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Galilean moon

Jupiter's 4 Galilean moons, in a composite image comparing their sizes and the size of Jupiter (Great Red Spot visible). From the top, they are Io, Europa, Ganymede and Callisto.

The Galilean moons are the four moons of Jupiter discovered by Galileo Galilei. By far the largest of the many moons of Jupiter, they were visible with the low-power telescope he invented. They were first observed by Galileo on January 7, 1610.

Galileo observed the moons' motion over several days and realized that they were in orbit around Jupiter. This discovery supported the heliocentric theory of Copernicus and showed that not everything revolves around the Earth.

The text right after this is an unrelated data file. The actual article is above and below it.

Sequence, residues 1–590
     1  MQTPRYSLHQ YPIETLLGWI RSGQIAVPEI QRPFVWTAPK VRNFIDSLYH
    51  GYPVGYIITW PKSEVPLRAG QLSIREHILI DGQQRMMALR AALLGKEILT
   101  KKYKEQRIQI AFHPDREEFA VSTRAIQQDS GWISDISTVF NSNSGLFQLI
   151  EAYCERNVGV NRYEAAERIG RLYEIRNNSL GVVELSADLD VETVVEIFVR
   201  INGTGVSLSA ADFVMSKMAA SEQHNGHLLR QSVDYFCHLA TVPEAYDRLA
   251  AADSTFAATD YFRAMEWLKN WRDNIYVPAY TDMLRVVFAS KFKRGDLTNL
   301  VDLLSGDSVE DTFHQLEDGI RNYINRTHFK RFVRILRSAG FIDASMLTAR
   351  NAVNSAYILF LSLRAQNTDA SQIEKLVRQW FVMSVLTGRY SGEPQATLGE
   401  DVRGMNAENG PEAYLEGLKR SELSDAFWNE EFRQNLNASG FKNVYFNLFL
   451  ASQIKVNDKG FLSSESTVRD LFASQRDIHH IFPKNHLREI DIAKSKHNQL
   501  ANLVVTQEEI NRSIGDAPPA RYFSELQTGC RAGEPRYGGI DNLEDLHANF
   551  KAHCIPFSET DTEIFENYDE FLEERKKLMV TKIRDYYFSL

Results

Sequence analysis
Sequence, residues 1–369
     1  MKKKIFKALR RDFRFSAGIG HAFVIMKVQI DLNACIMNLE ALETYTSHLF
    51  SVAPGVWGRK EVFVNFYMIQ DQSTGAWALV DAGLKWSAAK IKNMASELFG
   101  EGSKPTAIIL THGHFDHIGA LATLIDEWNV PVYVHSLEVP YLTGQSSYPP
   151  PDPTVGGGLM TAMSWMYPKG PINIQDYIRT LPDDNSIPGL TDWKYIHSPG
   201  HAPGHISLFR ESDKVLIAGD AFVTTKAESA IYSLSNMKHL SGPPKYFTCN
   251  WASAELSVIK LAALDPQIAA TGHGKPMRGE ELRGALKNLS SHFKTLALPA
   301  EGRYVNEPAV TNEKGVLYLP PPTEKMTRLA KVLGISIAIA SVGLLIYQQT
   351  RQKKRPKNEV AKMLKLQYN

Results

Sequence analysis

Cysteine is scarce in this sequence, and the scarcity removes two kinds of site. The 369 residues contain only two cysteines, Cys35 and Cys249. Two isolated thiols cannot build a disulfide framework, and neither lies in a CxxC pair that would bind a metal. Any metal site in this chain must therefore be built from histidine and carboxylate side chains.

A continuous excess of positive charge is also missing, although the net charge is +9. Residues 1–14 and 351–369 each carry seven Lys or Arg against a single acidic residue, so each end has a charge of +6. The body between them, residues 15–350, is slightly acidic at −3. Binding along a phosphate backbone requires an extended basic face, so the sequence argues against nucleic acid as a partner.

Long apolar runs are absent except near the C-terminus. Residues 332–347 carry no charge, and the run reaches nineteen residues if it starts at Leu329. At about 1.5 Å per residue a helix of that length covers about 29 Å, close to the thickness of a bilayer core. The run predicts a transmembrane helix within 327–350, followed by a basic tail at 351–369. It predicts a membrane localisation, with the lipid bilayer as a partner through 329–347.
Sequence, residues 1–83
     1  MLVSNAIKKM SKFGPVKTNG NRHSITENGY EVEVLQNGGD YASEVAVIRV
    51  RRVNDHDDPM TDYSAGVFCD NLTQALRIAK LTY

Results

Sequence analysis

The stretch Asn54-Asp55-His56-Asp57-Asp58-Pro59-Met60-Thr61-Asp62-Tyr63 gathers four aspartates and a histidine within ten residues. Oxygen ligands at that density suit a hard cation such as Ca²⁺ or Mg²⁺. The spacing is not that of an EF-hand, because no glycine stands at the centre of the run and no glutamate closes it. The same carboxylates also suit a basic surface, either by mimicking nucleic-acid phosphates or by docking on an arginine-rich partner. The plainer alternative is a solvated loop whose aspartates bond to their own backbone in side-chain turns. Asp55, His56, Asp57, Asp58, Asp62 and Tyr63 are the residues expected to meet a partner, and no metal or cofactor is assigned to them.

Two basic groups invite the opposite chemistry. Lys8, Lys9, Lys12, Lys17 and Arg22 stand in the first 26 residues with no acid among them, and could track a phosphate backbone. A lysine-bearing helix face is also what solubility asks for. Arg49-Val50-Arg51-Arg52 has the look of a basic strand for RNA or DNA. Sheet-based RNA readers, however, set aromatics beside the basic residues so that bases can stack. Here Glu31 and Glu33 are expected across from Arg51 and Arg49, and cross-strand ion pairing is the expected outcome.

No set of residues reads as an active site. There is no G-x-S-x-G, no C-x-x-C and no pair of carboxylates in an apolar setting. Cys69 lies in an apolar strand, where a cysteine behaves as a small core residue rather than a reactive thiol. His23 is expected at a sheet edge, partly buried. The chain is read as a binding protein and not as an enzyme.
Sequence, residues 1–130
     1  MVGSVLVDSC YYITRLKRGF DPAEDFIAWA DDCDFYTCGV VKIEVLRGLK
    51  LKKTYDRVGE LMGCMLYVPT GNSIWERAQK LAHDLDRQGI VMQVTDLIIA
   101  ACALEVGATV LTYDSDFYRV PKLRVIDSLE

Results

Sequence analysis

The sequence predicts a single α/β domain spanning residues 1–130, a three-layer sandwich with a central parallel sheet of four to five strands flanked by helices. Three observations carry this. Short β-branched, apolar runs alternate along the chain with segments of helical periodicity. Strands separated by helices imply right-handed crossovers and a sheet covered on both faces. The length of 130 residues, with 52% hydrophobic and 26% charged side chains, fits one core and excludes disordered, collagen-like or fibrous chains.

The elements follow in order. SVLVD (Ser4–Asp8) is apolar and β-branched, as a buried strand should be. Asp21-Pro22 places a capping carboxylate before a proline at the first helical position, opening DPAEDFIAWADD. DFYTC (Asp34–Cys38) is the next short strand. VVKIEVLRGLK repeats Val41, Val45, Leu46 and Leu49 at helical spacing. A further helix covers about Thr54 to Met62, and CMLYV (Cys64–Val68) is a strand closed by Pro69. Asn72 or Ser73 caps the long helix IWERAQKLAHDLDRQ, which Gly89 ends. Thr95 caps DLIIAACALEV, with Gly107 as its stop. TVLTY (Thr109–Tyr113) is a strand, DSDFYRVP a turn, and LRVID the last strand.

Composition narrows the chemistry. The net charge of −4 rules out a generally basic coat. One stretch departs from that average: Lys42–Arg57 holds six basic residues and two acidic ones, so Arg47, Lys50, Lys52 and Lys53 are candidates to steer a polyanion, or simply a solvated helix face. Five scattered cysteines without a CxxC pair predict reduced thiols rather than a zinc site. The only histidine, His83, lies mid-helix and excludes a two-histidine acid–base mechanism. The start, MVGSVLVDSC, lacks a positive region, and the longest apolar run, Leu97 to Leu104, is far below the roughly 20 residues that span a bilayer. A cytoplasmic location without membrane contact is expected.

In order from closest to Jupiter to farthest away, they are:

Group Name Diameter (km) Mass (kg) Mean orbital
radius (km)
Orbital period
2 Io 3632 8.92×1022 421,600 1.76 days
Europa 3138 4.8×1022 670,900 3.55 days
Ganymede 5262 1.49×1023 1,070,000 7.16 days
Callisto 4820 1.08×1023 1,883,000 16.69 days

See also: Jupiter's moons